In July, 70 percent of China-made vehicles were exported.

The large number of exports from Tesla's Shanghai plant has often caused the automaker's local deliveries in China to fluctuate dramatically. While this presents something of a pattern, the company's direct explanation makes things clearer.

"Tesla makes cars for export in first half of quarter & for local market in second half," the company's CEO Elon Musk's account wrote on Weibo today in both Chinese and English.

Apparently, the content was not posted by Musk himself, but by the account's Beijing-based operations team. Musk's Twitter account did not post the information.

In fact, previous delivery figures from Tesla's Shanghai plant have shown this pattern.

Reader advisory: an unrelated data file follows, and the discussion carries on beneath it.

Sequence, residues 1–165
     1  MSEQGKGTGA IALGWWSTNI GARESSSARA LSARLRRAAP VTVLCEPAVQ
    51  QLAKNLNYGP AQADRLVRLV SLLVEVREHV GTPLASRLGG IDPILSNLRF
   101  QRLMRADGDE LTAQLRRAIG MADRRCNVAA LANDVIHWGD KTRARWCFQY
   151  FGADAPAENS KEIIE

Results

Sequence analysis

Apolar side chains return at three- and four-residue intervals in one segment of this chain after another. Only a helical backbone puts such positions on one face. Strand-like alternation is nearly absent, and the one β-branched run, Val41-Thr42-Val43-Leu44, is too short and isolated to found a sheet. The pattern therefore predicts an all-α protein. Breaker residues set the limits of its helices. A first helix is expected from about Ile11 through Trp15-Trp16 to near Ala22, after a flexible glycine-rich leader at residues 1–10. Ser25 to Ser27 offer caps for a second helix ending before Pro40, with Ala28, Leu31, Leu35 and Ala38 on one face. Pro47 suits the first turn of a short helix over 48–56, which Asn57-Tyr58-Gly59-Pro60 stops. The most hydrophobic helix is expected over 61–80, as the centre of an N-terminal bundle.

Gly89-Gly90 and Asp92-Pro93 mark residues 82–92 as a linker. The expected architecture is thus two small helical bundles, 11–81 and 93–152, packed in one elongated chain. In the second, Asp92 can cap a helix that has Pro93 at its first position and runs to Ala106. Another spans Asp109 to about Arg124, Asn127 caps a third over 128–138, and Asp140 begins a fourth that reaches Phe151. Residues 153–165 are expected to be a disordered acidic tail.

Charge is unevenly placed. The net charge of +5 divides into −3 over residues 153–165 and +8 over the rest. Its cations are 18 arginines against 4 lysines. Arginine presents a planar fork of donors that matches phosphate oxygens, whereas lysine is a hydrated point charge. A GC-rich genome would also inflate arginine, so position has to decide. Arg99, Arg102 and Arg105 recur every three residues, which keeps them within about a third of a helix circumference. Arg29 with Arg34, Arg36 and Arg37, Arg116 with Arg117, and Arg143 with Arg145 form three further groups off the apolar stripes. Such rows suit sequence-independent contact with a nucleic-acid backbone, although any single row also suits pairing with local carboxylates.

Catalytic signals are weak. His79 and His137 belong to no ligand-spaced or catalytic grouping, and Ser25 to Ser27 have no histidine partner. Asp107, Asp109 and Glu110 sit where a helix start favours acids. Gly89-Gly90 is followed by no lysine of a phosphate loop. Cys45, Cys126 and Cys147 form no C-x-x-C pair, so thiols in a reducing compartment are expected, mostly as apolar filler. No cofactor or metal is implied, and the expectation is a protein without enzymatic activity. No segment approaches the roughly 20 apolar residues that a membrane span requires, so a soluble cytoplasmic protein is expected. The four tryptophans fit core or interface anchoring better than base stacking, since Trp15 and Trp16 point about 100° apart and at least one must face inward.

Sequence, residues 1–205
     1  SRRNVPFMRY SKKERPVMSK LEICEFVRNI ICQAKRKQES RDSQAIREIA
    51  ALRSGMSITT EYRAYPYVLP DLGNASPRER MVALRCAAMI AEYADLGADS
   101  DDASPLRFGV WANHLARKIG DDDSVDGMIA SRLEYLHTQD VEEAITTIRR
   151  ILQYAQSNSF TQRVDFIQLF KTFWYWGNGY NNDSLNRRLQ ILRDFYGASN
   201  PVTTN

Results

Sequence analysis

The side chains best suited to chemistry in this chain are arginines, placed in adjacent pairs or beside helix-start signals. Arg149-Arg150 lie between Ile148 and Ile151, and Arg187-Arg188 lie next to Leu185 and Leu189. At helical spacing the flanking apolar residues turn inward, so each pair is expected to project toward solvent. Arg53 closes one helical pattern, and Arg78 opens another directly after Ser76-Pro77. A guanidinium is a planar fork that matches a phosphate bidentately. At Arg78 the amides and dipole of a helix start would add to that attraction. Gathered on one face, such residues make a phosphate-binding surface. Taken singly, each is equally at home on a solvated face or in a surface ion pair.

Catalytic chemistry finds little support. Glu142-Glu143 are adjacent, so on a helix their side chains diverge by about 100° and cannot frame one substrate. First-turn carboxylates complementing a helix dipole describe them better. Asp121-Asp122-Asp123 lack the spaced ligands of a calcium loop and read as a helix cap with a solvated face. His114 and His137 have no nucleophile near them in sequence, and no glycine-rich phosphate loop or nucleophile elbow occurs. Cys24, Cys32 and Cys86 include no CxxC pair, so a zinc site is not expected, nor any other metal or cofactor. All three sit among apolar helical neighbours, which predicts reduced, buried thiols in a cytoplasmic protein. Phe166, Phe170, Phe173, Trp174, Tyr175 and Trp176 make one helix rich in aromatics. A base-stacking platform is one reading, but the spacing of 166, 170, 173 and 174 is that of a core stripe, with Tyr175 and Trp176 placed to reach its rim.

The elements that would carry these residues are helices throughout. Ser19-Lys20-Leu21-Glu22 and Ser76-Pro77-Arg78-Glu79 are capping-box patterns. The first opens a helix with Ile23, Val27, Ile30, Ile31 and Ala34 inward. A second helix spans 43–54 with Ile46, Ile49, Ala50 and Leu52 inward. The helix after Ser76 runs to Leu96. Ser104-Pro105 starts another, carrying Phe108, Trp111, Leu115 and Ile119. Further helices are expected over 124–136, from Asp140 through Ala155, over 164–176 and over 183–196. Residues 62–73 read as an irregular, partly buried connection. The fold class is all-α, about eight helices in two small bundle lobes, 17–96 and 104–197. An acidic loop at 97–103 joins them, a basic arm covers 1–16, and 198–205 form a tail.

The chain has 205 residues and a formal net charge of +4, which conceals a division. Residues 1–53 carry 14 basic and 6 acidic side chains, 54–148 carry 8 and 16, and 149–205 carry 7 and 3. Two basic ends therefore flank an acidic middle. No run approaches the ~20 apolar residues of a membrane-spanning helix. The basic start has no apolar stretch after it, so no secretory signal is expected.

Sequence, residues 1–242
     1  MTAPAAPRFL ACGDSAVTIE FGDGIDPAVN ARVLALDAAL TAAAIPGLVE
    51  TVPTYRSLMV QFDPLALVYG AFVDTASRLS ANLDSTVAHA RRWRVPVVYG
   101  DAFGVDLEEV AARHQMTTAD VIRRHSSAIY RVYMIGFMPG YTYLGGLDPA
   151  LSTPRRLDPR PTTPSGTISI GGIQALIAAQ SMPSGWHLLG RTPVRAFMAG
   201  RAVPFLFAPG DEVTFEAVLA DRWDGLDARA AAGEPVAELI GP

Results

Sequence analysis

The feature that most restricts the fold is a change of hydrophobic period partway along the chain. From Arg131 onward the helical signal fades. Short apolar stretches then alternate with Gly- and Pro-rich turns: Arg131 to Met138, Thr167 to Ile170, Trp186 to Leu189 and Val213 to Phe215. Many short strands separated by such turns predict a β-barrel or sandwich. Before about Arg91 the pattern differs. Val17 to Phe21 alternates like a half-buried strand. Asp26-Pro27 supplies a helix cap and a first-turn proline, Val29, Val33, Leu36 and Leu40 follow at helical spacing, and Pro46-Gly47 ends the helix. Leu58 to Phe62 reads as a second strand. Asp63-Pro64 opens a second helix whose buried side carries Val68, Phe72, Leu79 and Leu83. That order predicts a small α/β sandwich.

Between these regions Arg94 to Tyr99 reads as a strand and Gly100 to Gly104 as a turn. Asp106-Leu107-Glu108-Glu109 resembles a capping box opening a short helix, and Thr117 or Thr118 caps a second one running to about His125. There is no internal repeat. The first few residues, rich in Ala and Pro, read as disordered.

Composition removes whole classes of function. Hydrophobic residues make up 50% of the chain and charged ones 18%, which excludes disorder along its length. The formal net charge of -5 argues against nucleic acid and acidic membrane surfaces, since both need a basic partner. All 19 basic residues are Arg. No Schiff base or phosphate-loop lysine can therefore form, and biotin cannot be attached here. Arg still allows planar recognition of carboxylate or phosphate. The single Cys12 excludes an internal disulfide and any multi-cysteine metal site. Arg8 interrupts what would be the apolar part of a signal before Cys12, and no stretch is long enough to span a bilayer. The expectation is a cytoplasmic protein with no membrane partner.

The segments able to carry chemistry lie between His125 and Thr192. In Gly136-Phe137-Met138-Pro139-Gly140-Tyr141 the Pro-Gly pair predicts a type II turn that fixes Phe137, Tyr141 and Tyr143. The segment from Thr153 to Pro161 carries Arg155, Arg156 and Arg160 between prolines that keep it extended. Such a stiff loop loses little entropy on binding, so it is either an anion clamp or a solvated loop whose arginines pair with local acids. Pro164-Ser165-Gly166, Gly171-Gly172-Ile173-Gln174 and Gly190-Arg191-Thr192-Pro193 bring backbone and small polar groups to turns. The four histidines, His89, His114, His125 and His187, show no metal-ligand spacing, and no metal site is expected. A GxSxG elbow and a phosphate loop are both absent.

In July, Tesla sold 28,217 China-made vehicles, down 64.24 percent from 78,906 in June and 14.41 percent from 32,968 in the same month last year, according to data released earlier this month by the China Passenger Car Association (CPCA).

But the decline was caused by the shutdown of part of Tesla's production line at its Shanghai plant from late July to early August for upgrades.

Tesla China exported 19,756 vehicles in July, meaning 8,461 vehicles were delivered to local consumers, a ratio of 70 percent, 30 percent, respectively.

In January, Tesla sold 59,845 China-made vehicles, including 40,499 vehicles exported, or 68 percent.

In April, due to the Covid lockdown, Tesla's Shanghai plant sold only 1,512 China-made vehicles, without any exports.

But the vehicles that should have needed to be exported at the beginning of the second quarter were made up in May.

Tesla sold 32,165 China-made vehicles in May, including 22,340 for export, or 69 percent.

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